This is interesting. I'm literally an antipodean. Drill through the Earth from CA and you'll probably pop up in my back yard. I've never seen a dye transfer print so I have no idea what you mean by the quality description. I've seen very, very good Cibas. Is it better than those? How much better?

Should I spend the money to find out by international order while there's still time? Or should I use the money (plus!) to go back to the Musee d'Orsay for a second look, or catch a Picasso travelling exhibition in Sydney or Canberra?

Or just buy another lens!

While it might be the end of ctein's dye transfer printing, it is hardly the end of dye transfer printing in general. Interested parties should check dyetransfer.org. Jim Browning is doing dye transfers, and makes all his own materials, so it is likely he and others will continue indefinitely. His prices are cheaper.

Ed

Dear Ed, Peter, Michel and others,

Quite correct about other people doing dye transfer. Apologies if we unintentionally created any misimpression that the entire process was going away. As Mike said, there are still a small group of us (soon to be them) left.

In fact, there are still a few folks around the world doing commercial dye transfer printing, even though I no longer do that. Jim Browning is one of them. I think Guy Stricherz up on Vashon Island still offers printing services, but I don't how to get ahold of him. In Germany, there's Bettina at Dye Transfer International
( www.dyetransfer.de/ ). Andy Cross ([email protected]) who runs Visual Impact Photography in Brisbane, Australia makes dye transfer prints; don't know if he does it commercially, but drop him an e-mail and inquire.

So far as I know, that's everyone left in the world doing commercial printing. There are probably another dozen or so folks dabbling in it for themselves.

Jim no longer makes all his own materials. At the moment, nobody is making the matrix film. Doesn't mean someone won't commission another run in the future. The dye transfer materials are primitive enough that, like tri-color pigment printing, they can be manufactured without a monstrous capital investment. I expect the dye transfer will hang around as a cottage industry for as long as anyone cares to do it. Much like you can get daguerreotypes, today.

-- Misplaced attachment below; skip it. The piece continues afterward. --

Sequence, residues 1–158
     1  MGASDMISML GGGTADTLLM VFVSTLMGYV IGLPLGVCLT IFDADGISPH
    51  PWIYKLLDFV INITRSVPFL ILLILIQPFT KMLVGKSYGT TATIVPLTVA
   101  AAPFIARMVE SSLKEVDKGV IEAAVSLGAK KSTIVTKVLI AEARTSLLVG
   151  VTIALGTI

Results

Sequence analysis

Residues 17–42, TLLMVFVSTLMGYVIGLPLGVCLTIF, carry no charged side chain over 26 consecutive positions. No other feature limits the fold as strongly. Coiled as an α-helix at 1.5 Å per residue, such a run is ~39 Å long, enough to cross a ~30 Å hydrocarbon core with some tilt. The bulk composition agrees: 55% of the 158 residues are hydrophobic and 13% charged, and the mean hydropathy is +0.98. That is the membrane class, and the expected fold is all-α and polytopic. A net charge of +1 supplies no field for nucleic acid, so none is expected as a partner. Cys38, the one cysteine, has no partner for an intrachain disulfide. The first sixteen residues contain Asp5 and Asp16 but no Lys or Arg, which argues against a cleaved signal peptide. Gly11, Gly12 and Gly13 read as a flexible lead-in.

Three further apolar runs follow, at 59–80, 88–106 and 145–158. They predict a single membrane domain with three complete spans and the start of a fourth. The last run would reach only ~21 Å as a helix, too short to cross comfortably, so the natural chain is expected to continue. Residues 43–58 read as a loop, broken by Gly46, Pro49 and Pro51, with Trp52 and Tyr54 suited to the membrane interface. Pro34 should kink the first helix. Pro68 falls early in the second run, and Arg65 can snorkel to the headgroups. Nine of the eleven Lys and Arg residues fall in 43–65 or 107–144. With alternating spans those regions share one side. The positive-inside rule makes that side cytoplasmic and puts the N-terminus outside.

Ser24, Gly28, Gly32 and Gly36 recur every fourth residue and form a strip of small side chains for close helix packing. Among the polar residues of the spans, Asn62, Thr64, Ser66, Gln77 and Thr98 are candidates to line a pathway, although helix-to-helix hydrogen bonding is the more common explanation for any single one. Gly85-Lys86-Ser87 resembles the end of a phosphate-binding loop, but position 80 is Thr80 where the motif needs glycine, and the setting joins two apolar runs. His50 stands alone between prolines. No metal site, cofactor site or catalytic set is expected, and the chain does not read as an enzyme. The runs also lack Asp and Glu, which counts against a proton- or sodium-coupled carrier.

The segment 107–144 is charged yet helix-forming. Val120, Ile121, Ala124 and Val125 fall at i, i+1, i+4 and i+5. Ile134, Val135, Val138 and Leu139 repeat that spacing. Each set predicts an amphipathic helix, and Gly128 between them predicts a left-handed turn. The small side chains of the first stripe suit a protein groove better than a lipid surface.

As for Jim's prices being cheaper than mine, who cares? Buying art by the dollar makes as little sense as buying it by the pound or square foot. You buy art because you like it or you don't. If it's inexpensive art, then lucky you. If it's not, not so lucky. But there is no fair market price for art.

Over a decade, I distributed more than 1000 dye transfer prints at ridiculously low prices (average less than $100) so that people could see what dye transfer looked like and have a fine print for themselves without spending a fortune. I've done more than my share to make it available to people at super-affordable prices. Now I'm just selling my artwork. You like it, you pay my prices. You don't, you won't. That's the way of the world of art.


pax \ Ctein
[ Please excuse any word-salad. MacSpeech in training! ]
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-- Ctein's Online Gallery http://ctein.com 
-- Digital Restorations http://photo-repair.com 
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Dear Hugh,

I saw an exhibit of Fresson Quadrichromies once and left severely under-impressed. It has this cachet because it is a rare if not unique medium. But frankly, it doesn't look very good. It imposes a very strong “look” on the photograph; if your photograph isn't suitable for that look, it will look crappy. Most photographs aren't. This is in contrast to what I think of as most of the good photographic processes, be they tricolor carbon, dye transfer, platinum, or whatever: they are relatively “transparent” aesthetically. They each have their own look and feel, but they don't scream to the viewer “This is all about ME!” They let the photograph speak its piece. Fresson Is way too loud and overbearing, artistically speaking; it demands to be the center of attention and not for especially good reasons.


pax \ Ctein
[ Please excuse any word-salad. MacSpeech in training! ]
======================================
-- Ctein's Online Gallery http://ctein.com 
-- Digital Restorations http://photo-repair.com 
======================================

Ctein

I pretty much agree with you 100% on that, but Sarah Moon's photos have that look no matter what process she is using and she seems to have tried just about every multi layer process there is.